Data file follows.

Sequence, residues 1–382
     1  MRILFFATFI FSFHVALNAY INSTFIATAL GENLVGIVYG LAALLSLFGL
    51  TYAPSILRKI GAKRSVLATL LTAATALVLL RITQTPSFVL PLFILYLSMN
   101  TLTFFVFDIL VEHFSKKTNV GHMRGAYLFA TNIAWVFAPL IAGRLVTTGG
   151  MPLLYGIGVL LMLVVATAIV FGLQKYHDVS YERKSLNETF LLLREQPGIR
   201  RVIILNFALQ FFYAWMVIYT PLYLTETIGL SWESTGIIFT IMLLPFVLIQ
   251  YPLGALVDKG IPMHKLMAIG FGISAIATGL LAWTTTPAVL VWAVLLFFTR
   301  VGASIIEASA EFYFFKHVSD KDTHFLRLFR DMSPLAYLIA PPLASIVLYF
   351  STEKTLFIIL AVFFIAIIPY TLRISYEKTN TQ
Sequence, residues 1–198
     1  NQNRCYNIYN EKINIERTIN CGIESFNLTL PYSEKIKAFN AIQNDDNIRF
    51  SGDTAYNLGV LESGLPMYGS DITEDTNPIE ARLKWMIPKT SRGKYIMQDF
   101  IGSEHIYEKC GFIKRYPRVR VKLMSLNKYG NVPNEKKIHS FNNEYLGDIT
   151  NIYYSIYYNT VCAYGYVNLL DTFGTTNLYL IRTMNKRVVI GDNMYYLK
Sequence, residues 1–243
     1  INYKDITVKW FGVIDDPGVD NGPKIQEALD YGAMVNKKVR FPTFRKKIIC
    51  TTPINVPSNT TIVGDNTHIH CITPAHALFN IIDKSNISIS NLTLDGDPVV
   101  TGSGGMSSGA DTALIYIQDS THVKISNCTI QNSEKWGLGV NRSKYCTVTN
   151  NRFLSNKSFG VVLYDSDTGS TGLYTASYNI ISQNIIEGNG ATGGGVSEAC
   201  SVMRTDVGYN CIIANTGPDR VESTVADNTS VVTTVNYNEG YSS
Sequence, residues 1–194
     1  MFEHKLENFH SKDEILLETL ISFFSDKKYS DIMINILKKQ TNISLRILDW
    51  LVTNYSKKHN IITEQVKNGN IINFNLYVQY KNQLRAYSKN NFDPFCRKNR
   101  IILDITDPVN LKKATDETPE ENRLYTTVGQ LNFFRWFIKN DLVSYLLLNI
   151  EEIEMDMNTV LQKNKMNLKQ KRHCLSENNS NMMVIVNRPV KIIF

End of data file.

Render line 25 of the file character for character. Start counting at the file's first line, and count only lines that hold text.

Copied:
   151  EEIEMDMNTV LQKNKMNLKQ KRHCLSENNS NMMVIVNRPV KIIF